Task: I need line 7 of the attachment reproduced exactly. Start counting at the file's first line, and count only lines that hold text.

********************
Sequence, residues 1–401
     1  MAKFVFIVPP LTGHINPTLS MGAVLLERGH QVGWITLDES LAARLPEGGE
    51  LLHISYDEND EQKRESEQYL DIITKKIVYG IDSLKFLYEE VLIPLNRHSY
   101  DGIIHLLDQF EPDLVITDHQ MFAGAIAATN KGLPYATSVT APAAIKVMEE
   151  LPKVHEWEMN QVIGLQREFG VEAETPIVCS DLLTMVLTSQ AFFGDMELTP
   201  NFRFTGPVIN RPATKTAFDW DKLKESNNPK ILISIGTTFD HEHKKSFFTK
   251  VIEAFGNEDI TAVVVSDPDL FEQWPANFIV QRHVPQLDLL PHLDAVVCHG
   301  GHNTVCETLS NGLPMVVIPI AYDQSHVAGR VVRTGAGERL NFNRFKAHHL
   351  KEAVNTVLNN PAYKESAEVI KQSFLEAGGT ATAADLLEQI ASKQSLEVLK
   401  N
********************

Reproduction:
   251  VIEAFGNEDI TAVVVSDPDL FEQWPANFIV QRHVPQLDLL PHLDAVVCHG